Upon the approach of our cavalry from Bowling Green, about three o’clock Wednesday morning, the Garretts came out of the corn crib to meet them, and in answer to their inquiries, directed them to the barn.—Some further particulars are here given, not varying from what has already been stated. After the barn had been burning three-quarters of an hour, and when the roof was about falling, Booth, who had been standing with a revolver in one hand and a carbine resting on the floor, made a demonstration as if to break through the guard and escape. To prevent this, Serg. Corbett fired, intending to hit Booth in the shoulder, so as to cripple him. The ball, however, struck a little too high, and entered the neck, resulting fatally.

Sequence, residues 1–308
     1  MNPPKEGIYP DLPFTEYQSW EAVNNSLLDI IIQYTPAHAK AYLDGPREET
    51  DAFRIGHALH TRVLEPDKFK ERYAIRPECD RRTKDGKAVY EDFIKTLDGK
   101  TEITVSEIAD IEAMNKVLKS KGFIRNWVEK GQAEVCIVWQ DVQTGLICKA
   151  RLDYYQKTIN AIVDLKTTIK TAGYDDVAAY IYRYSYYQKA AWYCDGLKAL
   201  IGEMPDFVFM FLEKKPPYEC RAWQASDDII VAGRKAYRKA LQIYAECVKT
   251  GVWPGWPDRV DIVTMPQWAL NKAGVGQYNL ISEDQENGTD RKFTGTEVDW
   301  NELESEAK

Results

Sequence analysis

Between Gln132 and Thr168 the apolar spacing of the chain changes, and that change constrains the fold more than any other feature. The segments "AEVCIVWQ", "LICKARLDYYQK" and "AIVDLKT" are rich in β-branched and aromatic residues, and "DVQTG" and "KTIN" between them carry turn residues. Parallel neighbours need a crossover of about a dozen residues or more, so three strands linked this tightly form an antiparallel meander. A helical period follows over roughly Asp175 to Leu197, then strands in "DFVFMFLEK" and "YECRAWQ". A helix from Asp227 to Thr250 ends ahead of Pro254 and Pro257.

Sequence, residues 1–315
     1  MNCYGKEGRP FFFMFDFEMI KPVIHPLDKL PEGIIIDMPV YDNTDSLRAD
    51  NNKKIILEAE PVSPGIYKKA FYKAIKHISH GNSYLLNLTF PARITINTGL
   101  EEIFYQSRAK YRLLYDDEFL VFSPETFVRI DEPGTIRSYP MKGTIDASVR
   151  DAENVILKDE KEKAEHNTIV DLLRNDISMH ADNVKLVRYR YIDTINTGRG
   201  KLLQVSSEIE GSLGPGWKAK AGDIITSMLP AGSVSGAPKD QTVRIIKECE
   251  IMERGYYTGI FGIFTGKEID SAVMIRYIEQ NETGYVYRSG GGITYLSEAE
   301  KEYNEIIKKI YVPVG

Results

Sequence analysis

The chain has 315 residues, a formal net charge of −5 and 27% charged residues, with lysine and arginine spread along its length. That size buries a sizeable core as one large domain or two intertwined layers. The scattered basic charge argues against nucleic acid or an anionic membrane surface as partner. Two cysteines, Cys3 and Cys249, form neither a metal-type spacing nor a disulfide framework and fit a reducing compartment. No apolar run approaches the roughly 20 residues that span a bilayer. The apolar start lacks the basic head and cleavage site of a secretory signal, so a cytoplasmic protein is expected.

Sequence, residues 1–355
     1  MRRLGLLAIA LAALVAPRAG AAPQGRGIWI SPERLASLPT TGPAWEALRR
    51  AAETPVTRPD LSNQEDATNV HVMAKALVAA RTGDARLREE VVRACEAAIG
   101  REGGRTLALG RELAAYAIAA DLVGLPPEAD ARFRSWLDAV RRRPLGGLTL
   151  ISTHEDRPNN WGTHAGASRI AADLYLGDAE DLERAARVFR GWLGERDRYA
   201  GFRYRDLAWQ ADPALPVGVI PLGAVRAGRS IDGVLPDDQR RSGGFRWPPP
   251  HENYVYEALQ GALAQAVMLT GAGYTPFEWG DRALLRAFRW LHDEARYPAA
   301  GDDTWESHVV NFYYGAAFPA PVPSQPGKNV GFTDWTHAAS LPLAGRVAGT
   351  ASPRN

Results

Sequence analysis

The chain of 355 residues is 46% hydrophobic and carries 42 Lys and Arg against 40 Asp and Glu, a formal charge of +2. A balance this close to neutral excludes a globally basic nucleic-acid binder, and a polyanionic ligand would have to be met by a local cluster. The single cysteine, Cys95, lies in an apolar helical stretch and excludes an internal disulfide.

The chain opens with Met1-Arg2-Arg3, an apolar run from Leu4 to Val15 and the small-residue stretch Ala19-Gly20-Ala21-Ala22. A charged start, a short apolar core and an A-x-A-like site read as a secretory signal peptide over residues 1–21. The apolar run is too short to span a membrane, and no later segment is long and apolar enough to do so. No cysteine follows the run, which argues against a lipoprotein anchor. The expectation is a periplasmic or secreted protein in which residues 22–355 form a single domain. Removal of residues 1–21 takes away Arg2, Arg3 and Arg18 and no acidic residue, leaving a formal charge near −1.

Booth wore, besides his suit of grey, an ordinary cloth cap, heavy high topped cavalry boot on his right foot, with the top turned down, and a government shoe on his left foot. No clue could be obtained of the other two men. Taking the two Garretts into custody, the command immediately set out for Washington, after releasing the captain. Serg. Corbett was baptized in Boston about seven years ago, at which time he assumed the name of Boston Corbett. To-day he was greatly lionized, and on the street was repeatedly surrounded by citizens. The two Garretts are dressed in rebel grey, having belonged to Lee’s army and just returned home on parole. They profess to have been entirely ignorant of the character of Booth and Harrold and manifest great uneasiness concerning their connection with the affair.